Global banks may look to shift some of their staff from Hong Kong to Shanghai if China fulfils its commitment to giving them more control over their mainland operations.
But how much of a pay cut would you take if you moved to Shanghai?
To find out, we averaged out the maximum VP-level base pay figures from three recruiter salary surveys across 10 key financial services job sectors in both cities.
For ease of reference, we then converted the Shanghai results into Hong Kong dollars to produce the table below.
If you work in front-office investment banking (M&A, ECM, DCM) in Hong Kong you are now only outearning your Shanghai counterparts by 16% at VP level. In global markets (trading) you receive a mere 10% more.
“The previously big gulf between the salaries of bankers and traders in Hong Kong and Shanghai has fallen dramatically over the past five years,” says a Hong Kong-based headhunter. “Chinese financial liberalisation and the growth of local capital markets and local investment banks are among the factors pushing up base pay in Shanghai.”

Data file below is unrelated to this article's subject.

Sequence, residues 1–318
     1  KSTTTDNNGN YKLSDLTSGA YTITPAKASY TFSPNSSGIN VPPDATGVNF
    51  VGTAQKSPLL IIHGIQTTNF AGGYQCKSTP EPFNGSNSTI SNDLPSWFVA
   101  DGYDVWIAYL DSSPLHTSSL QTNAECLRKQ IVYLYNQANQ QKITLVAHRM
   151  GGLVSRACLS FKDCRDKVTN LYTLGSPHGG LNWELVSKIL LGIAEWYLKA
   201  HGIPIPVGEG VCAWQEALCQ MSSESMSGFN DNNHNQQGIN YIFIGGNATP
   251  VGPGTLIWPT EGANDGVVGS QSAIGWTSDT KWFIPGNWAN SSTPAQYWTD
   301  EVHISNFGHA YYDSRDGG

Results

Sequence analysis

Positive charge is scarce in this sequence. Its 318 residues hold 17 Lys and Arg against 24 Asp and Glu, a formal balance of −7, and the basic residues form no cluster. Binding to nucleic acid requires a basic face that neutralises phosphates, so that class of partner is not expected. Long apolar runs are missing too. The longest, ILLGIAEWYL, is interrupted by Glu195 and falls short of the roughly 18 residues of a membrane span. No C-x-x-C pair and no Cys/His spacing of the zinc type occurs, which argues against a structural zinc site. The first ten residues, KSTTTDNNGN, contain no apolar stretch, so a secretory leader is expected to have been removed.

But despite the narrowing pay gap, many Hong Kong bankers would be put off relocating to Shanghai because of China’s higher income tax rates, says former UBS banker Benjamin Quinlan, now CEO of Hong Kong finance consultancy Quinlan & Associates. Banks typically only give tax equalisation packages to senior managers.
Hong Kong still enjoys a commanding earnings advantage in many job sectors, though.
Most notable, private bankers are paid 151% more in Hong Kong than in Shanghai. China’s wealth management industry is in its infancy and many rich mainlanders choose to park their assets in Kong Hong, which offers better access to sophisticated products and services.
Private equity is the outlier in our table – average base salaries for VPs are 13% lower in Hong Kong than in Shanghai as the sector continues to expand in China. Total subscription in China’s private equity industry has risen to more than RMB 12tn (US$1.8tn) this year.
Image credit: Philartphace, Getty